“It (handwriting) opens our personality out to the world, and gives us a means of reading other people,” says Philip Hensher, in his book, ‘The Missing Ink’. True! Your child’s handwriting reveals her personality to the reader. It also goes a long way in improving her prospects, both in academics as well as in her chosen profession. Above all, your little one’s handwriting is a means for her to create a good impression on others. Here are some tips to help you guide your child to improve her handwriting.
1. The right tool
When your little one is in preschool and early primary school, her fine motor skills wouldn’t be fully developed. Therefore, her finger movements may be a bit clumsy. So, find out what kind of pencil best suits her. The market today provides a wide range of possibilities: three-sided, rubber-gripped, fat, short, crayon-shaped, mechanical and so on. Equally important is a good, large eraser to make mistakes disappear without wearing out the paper.
2. Get a grip
Teach your child the three-fingered tripod grip, where the pencil is gripped using the thumb, the index and the middle finger, and the wrist is held straight. This allows for free movement of the fingers and the hand. The best place to hold the pencil is an inch above the tip. Never let him hold the pencil too tight, as this can hurt his fingers, while spoiling his handwriting.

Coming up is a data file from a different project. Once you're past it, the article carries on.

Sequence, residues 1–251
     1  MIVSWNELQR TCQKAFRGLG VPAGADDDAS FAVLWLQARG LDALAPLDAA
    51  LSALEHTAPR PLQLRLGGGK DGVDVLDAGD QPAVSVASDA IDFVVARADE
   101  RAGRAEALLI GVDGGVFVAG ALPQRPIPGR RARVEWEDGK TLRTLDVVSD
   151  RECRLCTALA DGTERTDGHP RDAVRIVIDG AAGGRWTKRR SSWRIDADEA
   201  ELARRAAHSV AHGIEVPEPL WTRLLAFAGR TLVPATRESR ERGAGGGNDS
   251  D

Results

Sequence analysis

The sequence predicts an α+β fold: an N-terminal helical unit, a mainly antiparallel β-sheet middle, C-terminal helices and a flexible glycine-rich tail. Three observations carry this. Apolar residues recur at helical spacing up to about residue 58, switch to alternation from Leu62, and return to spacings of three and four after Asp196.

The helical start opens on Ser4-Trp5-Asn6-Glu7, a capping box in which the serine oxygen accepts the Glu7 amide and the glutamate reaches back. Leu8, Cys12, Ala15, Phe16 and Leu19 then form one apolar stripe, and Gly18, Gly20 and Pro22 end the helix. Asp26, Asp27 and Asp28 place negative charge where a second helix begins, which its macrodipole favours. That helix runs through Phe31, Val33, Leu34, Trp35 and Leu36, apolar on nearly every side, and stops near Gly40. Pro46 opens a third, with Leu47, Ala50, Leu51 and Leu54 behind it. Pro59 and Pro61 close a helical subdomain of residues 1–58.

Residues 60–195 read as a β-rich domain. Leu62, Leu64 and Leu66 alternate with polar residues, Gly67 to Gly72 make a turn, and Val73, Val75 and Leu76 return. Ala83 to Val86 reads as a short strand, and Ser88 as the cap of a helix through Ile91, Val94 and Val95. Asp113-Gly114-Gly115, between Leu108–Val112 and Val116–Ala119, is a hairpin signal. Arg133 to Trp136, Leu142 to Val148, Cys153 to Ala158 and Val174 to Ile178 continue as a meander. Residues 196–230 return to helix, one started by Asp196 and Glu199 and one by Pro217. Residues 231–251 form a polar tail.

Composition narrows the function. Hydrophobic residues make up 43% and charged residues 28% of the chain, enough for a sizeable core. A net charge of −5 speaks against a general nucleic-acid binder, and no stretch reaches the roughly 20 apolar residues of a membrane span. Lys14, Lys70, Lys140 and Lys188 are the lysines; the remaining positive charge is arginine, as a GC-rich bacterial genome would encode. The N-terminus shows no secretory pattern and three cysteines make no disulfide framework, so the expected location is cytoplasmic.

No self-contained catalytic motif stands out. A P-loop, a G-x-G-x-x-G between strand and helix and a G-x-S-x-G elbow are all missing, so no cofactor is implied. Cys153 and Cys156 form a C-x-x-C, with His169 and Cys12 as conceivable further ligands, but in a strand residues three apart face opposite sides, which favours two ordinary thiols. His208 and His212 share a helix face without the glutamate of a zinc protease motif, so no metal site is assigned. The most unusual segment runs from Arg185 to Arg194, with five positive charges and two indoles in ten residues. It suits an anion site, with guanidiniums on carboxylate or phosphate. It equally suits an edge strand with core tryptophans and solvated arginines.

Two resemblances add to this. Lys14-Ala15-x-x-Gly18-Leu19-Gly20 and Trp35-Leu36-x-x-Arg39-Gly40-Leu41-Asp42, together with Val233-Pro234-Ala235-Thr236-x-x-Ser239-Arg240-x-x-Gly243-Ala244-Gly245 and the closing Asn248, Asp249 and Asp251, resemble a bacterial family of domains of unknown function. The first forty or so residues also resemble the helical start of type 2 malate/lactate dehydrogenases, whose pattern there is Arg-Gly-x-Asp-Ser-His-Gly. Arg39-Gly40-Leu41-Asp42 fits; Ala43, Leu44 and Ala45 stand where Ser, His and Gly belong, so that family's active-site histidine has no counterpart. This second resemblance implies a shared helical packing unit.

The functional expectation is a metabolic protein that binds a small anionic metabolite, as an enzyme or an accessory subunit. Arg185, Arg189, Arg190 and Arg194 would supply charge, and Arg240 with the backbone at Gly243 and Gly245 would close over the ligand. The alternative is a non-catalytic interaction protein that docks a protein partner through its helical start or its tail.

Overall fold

3. Too much pressure?
Ensure that your little genius doesn’t press down the pencil too hard while writing. This affects the shape of the letters and the smooth flow of writing. Also, her hands will tire sooner. When your child uses the right amount of pressure for writing, there will be no indents or marks on the reverse side of the page. Also, the pencil tips won’t break often.
4. Focussed adjustments
Keep an eye on letter formation, paper control, size of letters, space between words, and line-alignment when teaching your child to write well. Observe her write and understand what she is struggling with. Then, explain what she needs to do in a way that she can understand.
5. Practice makes perfect
Use word puzzles, anagrams, a game of hangman, word-hunt or other such games to make your child practise handwriting. Creative approaches encourage children to try harder rather than just copying words. Good handwriting calls for good motor skills. So, using gardening tools, eating with cutlery, handling mechanical tools, finger-painting, drawing on sand and other such activities will help strengthen your child’s motor skills.
6. Rhythm and slant
The customary four-ruled paper is your child’s best friend, as far as practising handwriting goes. These help her form letters of the right size and shape. Writing on a four-ruled sheet will also help her understand the correct size of capital, lowercase, tall, short and hanging letters. It will also make her transition to cursive writing easier. Occasionally, also allow her to practise on single-ruled and plain paper to show her how far she has improved. Encourage your child to develop a rhythm while writing, as this creates something called muscle memory. This will allow a more fluid motion of the hand while writing.
Reasons for bad handwriting range from laziness to stress. In some rare cases, psychological problems may be the cause. Whatever may be the reason, bad handwriting is as irritating as off-key music. Unfortunately, there’s no genie in a lamp to magically transform your child’s handwriting overnight. Developing a good handwriting is time-consuming and requires a lot of patience. However, in the days to come, both you and your child will realise that it was worth the time and effort put in.
Hannah S Mathew is a freelance teacher, trainer and certified diagnostic counsellor.